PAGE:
Quote Worth Requoting: Christianity, if false, is of no importance, and if true, of infinite importance. The only thing it cannot be is moderately important. C.S. Lewis

Question: If forgiveness was a graduate school course, would you be receiving a passing grade? Are you expecting God to be more forgiving with you than you are with others?

WOTW: Last month’s Quiet Quitting has given rise to Bare Minimum Mondays. (As I have noted before, I am pretty sure you and I are the only two people working a full week anymore, and to be honest, I am not so sure about you.) Other words that made honorable mention are ignorant arrogance and church hurt. Though it’s a bit of “inside baseball,” I’m giving actual WOTW honors to the Baader-Meinhof phenomenon, which is term that describes frequently noticing a word after you learn it.

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The New “Gas Station” Questions: When I lived in the PNW – and Microsoft and  Starbucks were regional startups – there were always rumors about what questions they asked in job interviews. The one I remember was, “How many gas stations are there in the U.S.?”  No one was expected to have an answer. Indeed, it was assumed that no one actually knew. The question was asked to see how you would respond. With that in mind, I was interested when a friend sent me this list of the hot interview questions: 1) What are five things you do every day, beyond eating and sleeping, that demonstrate who you are? 2) Imagine your boss just said “no” to your request. How would you try to convince your boss to say “yes”? 3) When did you say “no” to a previous boss? Why? 4) What are your personal goals? 5) How confident are you that you will achieve your personal goals? What makes you say that? 6) What would you recommend to someone who wants to achieve your personal goals? 7) What are the hardest things you’ve accomplished? 8) What confusing situations have you encountered? How has working through confusing situations changed you? 9) When was the last time you were discouraged? How did you move forward? And 10) When was the last time you were angry? What does your anger tell you about yourself?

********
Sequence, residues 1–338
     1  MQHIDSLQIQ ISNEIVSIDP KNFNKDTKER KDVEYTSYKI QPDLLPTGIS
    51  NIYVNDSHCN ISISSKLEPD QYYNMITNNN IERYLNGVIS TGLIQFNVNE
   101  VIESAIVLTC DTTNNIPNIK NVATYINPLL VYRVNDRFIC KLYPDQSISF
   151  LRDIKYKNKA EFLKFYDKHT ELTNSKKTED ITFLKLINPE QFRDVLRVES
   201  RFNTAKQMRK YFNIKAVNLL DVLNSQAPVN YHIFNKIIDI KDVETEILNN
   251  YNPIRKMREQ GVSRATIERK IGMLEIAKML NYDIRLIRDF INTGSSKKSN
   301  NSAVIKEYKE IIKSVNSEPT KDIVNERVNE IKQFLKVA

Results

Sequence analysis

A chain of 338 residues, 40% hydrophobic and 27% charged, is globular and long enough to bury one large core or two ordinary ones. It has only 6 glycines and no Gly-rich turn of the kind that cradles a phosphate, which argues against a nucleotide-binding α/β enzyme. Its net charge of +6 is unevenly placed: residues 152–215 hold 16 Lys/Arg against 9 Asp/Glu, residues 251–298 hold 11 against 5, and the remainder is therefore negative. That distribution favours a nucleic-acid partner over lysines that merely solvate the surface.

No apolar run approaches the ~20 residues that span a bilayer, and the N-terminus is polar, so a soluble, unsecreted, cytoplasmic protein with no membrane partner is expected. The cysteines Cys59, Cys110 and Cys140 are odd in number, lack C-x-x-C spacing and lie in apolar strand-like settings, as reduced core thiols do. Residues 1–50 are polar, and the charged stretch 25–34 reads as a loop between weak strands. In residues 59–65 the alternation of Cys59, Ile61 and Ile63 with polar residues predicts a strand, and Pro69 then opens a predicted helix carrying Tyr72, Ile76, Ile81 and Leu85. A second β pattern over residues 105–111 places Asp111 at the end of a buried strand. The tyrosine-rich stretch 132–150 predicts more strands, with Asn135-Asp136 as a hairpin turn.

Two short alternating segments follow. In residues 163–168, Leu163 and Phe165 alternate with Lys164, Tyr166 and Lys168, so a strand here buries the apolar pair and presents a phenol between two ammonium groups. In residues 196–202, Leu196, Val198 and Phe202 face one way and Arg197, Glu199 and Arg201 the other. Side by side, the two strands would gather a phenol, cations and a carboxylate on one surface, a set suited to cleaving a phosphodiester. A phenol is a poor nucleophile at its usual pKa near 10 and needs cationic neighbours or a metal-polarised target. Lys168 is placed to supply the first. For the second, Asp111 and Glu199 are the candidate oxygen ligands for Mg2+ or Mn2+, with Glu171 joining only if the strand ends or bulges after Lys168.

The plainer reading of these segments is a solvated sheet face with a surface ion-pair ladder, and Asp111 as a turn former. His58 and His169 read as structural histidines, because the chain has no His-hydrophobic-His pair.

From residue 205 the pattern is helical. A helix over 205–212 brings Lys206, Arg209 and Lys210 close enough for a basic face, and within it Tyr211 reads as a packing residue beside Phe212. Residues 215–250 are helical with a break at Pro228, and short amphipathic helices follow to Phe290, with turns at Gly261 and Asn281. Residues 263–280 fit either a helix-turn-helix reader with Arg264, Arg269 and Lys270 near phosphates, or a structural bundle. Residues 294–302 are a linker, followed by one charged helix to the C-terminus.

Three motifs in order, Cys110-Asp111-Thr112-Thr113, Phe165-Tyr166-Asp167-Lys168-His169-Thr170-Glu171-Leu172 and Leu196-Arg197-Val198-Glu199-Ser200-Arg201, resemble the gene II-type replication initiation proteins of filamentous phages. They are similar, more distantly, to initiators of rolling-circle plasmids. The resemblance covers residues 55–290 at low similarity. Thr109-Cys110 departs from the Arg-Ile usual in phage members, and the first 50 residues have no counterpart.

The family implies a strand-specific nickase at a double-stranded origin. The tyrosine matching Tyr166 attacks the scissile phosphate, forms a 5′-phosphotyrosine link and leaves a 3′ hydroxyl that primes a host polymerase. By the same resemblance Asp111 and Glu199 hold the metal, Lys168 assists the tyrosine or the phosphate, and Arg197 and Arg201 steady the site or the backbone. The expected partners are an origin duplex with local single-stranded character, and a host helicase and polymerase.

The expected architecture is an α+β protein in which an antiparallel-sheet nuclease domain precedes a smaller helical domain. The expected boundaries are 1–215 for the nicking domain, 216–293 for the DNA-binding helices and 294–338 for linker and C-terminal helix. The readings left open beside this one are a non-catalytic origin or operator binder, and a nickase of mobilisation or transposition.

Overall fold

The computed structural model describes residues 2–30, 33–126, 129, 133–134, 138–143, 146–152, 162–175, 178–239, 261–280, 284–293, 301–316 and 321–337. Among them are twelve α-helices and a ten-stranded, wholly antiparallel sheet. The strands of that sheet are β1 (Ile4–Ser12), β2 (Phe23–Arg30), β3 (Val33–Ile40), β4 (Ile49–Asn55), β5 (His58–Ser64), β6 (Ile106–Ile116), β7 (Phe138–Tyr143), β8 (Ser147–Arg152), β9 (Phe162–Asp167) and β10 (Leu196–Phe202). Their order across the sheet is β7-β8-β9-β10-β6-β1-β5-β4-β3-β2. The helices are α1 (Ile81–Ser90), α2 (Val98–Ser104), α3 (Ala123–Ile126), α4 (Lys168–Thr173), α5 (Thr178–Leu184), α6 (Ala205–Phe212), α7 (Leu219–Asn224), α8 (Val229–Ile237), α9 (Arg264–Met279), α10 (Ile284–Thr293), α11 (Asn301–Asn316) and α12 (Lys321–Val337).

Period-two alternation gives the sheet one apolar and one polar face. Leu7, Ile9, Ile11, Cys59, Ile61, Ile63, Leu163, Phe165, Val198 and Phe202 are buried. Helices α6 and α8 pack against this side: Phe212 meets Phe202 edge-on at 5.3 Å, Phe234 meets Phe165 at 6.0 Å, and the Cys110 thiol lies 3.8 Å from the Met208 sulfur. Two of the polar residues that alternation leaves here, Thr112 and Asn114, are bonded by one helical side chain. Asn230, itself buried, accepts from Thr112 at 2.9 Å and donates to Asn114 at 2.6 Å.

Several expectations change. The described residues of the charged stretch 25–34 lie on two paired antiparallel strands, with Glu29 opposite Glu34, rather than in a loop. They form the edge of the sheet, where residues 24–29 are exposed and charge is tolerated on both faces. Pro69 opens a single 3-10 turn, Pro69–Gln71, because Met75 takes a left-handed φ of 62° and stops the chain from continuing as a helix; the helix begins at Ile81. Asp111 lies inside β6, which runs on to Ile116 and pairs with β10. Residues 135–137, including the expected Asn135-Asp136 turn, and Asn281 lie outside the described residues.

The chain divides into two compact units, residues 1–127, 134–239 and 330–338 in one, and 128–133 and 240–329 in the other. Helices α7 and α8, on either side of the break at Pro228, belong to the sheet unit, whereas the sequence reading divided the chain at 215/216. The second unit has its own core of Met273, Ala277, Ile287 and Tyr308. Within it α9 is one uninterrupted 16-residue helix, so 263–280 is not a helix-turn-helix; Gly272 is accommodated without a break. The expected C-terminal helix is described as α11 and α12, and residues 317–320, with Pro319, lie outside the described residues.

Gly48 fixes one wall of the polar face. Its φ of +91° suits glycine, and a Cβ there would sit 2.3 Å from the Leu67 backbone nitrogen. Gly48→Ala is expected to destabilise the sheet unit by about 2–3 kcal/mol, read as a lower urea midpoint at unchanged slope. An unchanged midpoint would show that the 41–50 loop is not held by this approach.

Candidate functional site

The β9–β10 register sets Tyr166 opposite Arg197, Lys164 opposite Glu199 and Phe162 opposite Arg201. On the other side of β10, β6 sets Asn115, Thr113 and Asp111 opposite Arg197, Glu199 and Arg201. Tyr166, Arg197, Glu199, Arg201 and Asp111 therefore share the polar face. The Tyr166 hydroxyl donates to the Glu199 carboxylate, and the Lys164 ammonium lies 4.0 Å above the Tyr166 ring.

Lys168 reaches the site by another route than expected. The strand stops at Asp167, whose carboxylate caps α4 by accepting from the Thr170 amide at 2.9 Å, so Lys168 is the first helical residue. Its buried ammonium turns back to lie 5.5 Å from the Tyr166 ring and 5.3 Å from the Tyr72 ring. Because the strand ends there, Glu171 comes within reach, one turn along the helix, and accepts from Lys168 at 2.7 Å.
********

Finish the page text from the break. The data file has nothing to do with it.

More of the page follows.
Names: Two things jumped out at me from this year’s list of the most popular baby names: 1) Mike – which has long enjoyed a place in the top ten –  is M.I.A.; and 2) Half of the boys names are biblical: Noah, James, Elijah, Lucas and Benjamin. The second point reinforces the trope that 2,000 years ago, Nero and Caesar were on everyone’s lips, while Paul and Peter were little-known fanatics. But today, we name our sons Peter and Paul, while we name our dogs Nero and Caesar.

Resources: Click here to listen to my interview with former NFL QB Jeff Kemp, about his upcoming book, Receive (which is due out this Fall). In it Jeff explores ways men can follow Christ’s example. BTW, you can click here to see his book Men Huddle, which outlines his approach for helping men help men.

Cinco de Mayo: Having already noted that it’s May 5th, let me back up to note that it’s May – and May is the new December. Pace yourself.

Closing Prayer: Merciful God, we know that we deserve to have your anger poured out upon us; yet in your infinite love you have chosen instead to pour out the grace of your Holy Spirit. May your Spirit so enlighten our hearts, that we may show the same merciful love to others that you have shown to us. Amen.(Thomas Müntzer 1490-1525)


Happy Cinco de Mayo Friday, Consider one another more important than yourself. Paul, Philippians 2:3 Theologians rightly spend a lot of time in the first half of Philippians 2. Not only are this chapter’s first eleven verses home to one of the early church’s first hymns, it is also the place where Paul shares about […]